* * * *

Wednesday, October 9, 2013

I Can't Swim

Heather Christle (2013)



I can't swim because I can't fit

into the water


I am

two million feet tall


but thank you for inviting me


I am standing in line

inside my giant shirt


If someone wanted to weaponize me

they would tell me to lie down on New York


and the city I destroyed

would hurt me back


I eat stars

it's a riot


I know

my big mouth

full of their light








Thursday, August 1, 2013

We All Want To See A Mammal

Elizabeth Bradfield (2013)

We all want to see a mammal,
Squirrels & snowshoe hares don't count.
Voles don't count. Something, preferably,
that could do us harm. There's a long list:
bear, moose, wolf, wolverine. Even porcupine
would do. The quills. The yellowed
teeth & long claws.

Beautiful here. Peaks & avens.

Meltwater running its braided course, but we want
to see a mammal. Our day our lives incomplete
without a mammal. The gaze of something
unafraid, that we're afraid of, meeting ours
before it runs off.

Linnaeus was called

indecent when he named them. Plenty
of other commonalities (hair, live young,
a proclivity to plot). But no. Mammal.
Maman. Breasted & nippled
& warm, warm, warm.



Tuesday, July 30, 2013

Hermit Crab

Stephen Burt (2013)

That shell is pretty, but that shell is too small for me.

Each home is a hideout; each home is a secret; each home
is a getaway under the same hot lamp, a means
to a lateral move at low velocity.

I live in a room in the room
of a boy I barely see.

Sometimes the boy & his talkative friends raise
too-warm hands & try to set me free

& I retreat into myself, hoping they place
me back in my terrarium, & they
do, with disappointed alacrity.

Scatter patterns in sand, adnates, cancellates, gaping
whelk husks, a toy tractor-trailer, cracked
and dinged, beside the spine of a plastic tree,

the helmet-shaped shelter of a shadow cast
by a not-quite-buried wedge of pottery . . .

if I have a body that's wholly my own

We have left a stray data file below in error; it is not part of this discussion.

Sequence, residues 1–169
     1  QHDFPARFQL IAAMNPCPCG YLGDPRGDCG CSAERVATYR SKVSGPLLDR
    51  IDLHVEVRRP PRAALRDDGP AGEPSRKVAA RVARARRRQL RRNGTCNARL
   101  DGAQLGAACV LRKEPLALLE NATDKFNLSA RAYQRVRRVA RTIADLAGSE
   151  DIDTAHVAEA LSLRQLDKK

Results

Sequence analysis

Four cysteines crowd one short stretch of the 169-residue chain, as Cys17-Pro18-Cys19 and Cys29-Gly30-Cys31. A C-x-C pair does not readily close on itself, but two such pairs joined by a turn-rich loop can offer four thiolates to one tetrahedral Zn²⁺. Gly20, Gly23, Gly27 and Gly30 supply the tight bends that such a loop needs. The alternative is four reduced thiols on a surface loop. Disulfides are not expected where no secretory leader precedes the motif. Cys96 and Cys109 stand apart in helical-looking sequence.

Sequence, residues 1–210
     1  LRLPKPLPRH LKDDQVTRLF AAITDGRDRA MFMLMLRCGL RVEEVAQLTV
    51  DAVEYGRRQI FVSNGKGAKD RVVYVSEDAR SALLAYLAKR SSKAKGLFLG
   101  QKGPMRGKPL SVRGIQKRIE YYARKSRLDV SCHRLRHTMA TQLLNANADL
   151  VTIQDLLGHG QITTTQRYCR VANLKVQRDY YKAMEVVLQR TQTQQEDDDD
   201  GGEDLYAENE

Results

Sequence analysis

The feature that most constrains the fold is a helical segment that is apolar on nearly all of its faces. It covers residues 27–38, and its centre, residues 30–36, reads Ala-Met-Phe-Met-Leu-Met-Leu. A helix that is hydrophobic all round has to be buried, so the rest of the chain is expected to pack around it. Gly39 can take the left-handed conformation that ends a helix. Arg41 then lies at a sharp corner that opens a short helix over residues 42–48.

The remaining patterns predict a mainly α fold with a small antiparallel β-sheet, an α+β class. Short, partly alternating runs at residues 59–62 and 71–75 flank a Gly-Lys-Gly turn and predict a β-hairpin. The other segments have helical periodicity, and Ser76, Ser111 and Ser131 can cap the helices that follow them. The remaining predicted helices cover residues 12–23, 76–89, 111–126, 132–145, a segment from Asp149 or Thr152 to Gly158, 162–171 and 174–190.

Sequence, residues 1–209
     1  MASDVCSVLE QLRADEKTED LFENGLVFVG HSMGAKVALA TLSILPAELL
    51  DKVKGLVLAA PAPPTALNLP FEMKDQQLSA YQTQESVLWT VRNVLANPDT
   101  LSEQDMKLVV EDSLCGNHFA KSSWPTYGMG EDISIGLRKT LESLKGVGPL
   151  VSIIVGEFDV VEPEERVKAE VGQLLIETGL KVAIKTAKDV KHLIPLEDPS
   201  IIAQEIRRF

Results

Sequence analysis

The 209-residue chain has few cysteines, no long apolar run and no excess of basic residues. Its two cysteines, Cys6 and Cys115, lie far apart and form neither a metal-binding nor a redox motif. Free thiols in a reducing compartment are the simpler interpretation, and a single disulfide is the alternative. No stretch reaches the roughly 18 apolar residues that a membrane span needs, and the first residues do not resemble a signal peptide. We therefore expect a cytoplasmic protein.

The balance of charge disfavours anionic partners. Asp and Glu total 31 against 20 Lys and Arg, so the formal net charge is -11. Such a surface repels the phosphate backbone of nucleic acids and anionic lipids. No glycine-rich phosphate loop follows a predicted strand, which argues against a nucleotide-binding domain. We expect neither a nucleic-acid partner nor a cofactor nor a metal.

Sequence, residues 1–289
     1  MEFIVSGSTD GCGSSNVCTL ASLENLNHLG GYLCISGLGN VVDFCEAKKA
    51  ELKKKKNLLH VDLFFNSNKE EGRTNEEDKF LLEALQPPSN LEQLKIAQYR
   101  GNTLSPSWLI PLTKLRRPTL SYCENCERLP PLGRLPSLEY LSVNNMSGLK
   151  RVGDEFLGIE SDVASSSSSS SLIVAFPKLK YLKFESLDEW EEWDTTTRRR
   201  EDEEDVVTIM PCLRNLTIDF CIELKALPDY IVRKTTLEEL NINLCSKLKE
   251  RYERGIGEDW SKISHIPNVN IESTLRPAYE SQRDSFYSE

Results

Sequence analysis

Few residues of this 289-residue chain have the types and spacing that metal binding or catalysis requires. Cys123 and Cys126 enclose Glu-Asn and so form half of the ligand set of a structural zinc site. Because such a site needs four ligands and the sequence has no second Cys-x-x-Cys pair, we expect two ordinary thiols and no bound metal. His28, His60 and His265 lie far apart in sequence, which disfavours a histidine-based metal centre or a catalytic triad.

then it isn't mine. For a while I was
protected by what I pretended to be.



Wednesday, July 17, 2013

The Dream of a Fire Engine

Kimiko Hahn (2012)

Without the sun filtered through closed eyelids,
without the siren along the service road,

without Grandpa's ginger-colored hair,
Mother's lipstick, Daughter's manicure,

firecrackers, a monkey's ass, a cherry, Rei's lost elephant,
without communist or past tense,

or a character seeing her own chopped-off feet dancing in fairy slippers,
or Mao's favorite novel about a chamber—

the scientist of sleep has claimed
that without warm blood a creature cannot dream.



Monday, July 15, 2013

Ode to a Man in Dress Clothes

Gretchen Marquette (2013)

When I see a man
in a dress shirt, I want
to walk up behind him,
place my hand
between his shoulders,
to rest it there
for a moment. I think
about his socks, how
he chose one pair
that morning and the rest
are still at home
in a drawer.
And his shoes—
god those shoes, they break me,
especially when they're polished, what
does he do to make them shine
like that, yes, all it takes
is a pair of shiny black shoes and such
a wave of tenderness
collapses over me that I see
his ties, at rest
on their little carousel, imagine
that he held them up
in the mirror
at the department store,
unsure.




Monday, July 1, 2013

Self-Help

Michael Ryan (2013)

What kind of delusion are you under?
The life he hid just knocked you flat.
You see lightning but not the thunder.

What God hath joined let no man put asunder.
Did God know you'd marry a rat?
What kind of delusion are you under?

His online persona simply stunned her
as it did you when you started to chat.
You see the lightning but not the thunder.

To the victors go the plunder:
you should crown them with a baseball bat.
What kind of delusion are you under?

The kind that causes blunder after blunder.
Is there any other kind than that?
You see the lightning but not the thunder,

and for one second the world's a wonder.
Just keep it thrilling under your hat.
What kind of delusion are you under?
You see the lightning but not the thunder.




Sunday, June 30, 2013

from Mankindness

Christina Davis (2013)

4

We kiss on lips, where the tenses attach.

We enter the conundrum
of another's becoming.

We look for someone who can raise us
up again to feet, or near to standing.

We tend in our terrors to forget (we
do not store them) felicities.

I try each day to stay near beings,
mornings when I am most
mild. And may I nothing harm,
in case it might be them.